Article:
Blog Posts by David Rothschild, Yahoo! News

  • Obama still on defense

    Woody Allen is often quoted as saying that "80 percent of success is showing up." Hackneyed though this expression has become, it applies quite accurately to the election as it stands today. President Barack Obama showed up at the debate on Tuesday night and stabled his teetering campaign.

    Given the wide consensus that Obama did not mentally show up for the first confrontation with former Gov. Mitt Romney, his combativeness and general vigor appeared to convince the television audience that he still has some fight left in him. Instant polls suggest that Obama scored well overall and, more critically, with undecided and leaning voters. Polls of overall voters are not that meaningful, because most people will say their candidate won. But surveys of undecided and leaning voters, like those from CBS and Xbox/YouGov, give us valuable clues. Obama clearly outperformed Romney in both.

    The Signal's real-time forecast, heavily influenced by prediction markets at this point in the campaign, ticked up nearly 3 percentage points during last night's debate.

    Obama vs. Romney before and after the second debate

    Sources: Betfair, Intrade, IEM, HuffPost's Pollster, RealClearPolitics

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  • The Senate is the Democrats’ to lose as five more states shift

    The six-year terms in the Senate produce a curious electoral quirk: The party that controls the chamber going into the election is not necessarily the one in the best position to control it coming out of the election, even in a neutral political environment. This is because the 33 or 34 seats up for election each cycle are usually unevenly divided between the parties. In 2006, for example, Democrats took control of the Senate by a hair, even though 40 of the 55 Republican seats were not up for election that year.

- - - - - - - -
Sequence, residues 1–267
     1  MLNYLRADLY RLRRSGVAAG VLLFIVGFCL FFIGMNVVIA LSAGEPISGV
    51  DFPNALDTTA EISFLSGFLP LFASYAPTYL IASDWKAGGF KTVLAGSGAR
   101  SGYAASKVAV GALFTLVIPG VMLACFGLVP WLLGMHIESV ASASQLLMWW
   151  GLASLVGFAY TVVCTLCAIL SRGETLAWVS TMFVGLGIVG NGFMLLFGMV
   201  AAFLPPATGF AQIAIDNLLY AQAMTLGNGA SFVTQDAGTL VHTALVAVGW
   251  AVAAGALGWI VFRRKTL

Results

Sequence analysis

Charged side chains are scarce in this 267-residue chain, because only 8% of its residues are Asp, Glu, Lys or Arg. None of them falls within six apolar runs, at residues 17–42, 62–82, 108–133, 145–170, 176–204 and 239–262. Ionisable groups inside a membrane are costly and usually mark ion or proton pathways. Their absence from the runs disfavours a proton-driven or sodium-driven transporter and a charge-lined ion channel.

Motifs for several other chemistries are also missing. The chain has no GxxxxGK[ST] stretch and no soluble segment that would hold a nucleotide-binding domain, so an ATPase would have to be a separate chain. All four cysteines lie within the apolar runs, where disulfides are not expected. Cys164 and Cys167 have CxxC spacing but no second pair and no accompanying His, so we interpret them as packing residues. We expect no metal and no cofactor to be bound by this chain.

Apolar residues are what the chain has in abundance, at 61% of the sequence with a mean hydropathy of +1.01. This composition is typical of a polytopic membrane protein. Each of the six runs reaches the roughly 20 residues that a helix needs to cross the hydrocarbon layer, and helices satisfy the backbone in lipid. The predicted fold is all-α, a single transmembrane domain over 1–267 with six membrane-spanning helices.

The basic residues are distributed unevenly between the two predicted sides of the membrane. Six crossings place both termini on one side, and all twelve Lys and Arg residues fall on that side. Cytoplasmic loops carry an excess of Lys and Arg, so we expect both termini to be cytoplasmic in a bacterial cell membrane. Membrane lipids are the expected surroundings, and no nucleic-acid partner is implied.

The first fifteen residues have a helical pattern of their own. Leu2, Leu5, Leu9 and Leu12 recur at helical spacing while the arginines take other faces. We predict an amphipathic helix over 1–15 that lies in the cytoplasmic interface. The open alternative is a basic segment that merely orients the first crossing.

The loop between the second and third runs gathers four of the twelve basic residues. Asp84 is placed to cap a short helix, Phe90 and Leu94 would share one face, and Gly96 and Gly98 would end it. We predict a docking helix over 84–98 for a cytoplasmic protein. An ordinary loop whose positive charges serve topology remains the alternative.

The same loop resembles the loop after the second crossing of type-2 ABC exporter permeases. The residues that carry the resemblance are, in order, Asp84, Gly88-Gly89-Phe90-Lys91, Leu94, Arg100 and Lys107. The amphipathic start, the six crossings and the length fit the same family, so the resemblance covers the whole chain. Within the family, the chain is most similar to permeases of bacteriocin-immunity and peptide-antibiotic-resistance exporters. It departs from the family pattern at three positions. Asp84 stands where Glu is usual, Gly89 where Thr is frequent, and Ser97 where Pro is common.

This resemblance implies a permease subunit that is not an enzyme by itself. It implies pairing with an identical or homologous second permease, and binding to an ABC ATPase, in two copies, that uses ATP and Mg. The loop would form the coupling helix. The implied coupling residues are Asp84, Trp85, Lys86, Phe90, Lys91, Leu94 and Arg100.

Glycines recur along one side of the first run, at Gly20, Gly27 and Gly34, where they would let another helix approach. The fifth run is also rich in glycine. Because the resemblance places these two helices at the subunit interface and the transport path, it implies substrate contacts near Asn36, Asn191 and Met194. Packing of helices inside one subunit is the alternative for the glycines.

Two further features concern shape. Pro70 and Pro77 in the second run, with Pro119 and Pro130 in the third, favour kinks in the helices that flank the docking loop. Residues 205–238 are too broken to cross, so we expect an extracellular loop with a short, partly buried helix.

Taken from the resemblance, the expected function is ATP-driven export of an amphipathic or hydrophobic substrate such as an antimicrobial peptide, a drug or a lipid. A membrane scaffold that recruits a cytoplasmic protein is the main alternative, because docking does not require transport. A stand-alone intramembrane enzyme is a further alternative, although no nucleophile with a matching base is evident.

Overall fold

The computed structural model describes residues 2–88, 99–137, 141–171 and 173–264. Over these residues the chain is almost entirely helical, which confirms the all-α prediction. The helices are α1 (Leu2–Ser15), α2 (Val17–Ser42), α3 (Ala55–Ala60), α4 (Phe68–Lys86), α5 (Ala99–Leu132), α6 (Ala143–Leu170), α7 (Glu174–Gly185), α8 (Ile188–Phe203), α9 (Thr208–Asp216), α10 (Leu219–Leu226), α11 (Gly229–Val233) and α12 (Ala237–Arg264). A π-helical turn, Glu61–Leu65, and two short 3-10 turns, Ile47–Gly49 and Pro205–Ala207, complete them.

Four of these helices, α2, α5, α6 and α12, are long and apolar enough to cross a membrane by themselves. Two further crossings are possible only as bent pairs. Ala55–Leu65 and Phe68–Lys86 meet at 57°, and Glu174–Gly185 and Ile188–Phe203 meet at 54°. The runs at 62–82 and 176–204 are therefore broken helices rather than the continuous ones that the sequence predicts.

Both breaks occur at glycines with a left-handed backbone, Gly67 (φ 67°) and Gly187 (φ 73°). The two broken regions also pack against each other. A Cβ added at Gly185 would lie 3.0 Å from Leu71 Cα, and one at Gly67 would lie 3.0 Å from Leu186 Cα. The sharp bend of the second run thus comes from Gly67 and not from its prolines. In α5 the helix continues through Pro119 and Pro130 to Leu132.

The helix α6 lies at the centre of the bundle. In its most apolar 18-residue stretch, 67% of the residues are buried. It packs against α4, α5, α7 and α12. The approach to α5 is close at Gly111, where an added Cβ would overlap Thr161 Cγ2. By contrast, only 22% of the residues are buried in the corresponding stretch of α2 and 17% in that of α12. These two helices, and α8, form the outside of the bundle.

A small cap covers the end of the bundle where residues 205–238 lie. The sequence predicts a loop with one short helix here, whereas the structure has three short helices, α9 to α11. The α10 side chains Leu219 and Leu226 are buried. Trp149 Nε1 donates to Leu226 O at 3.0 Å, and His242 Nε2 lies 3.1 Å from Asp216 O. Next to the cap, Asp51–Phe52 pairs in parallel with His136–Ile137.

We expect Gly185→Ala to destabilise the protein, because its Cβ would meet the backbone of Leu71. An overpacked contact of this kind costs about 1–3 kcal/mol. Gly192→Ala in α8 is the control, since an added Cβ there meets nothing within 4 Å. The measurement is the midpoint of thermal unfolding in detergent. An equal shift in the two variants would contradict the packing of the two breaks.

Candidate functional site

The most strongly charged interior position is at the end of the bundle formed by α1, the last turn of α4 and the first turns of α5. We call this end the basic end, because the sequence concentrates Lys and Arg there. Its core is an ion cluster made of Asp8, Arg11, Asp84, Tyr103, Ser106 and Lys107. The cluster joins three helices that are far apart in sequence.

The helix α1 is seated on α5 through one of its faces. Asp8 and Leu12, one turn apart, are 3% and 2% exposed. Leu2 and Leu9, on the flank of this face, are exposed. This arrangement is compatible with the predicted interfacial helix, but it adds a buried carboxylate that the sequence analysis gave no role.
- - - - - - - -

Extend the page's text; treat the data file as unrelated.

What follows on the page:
The Democrats currently control 53 of 100 seats in the Senate. Nearly half of those—23—are up for re-election this year, while the Republicans are defending only 10 seats. That fact, combined with an electorate none too pleased with incumbents, made for a grim picture for the majority party at the start of this cycle.

    And yet, the Democrats now have a 75 percent likelihood of controlling the next Senate, possibly by a comfortable margin.

    In early September, we saw four critical races shifted to the Democratic column: Missouri, Wisconsin, Massachusetts and Virginia. Today, the Democrat is up in all four races, though three of the four remain competitive. Now, we're seeing five other races once considered safe for the Republican showing signs of equivocation: Nevada, North Dakota, Indiana, Arizona and Montana.

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  • Who won the vice presidential debate? Doesn’t matter.

    Both campaigns declared victory in last night's debate between Vice President Joe Biden and Rep. Paul Ryan, with Democrats focusing on Biden's passion and Republicans focusing on Biden's aggression. Neither acknowledged that it is a futile point.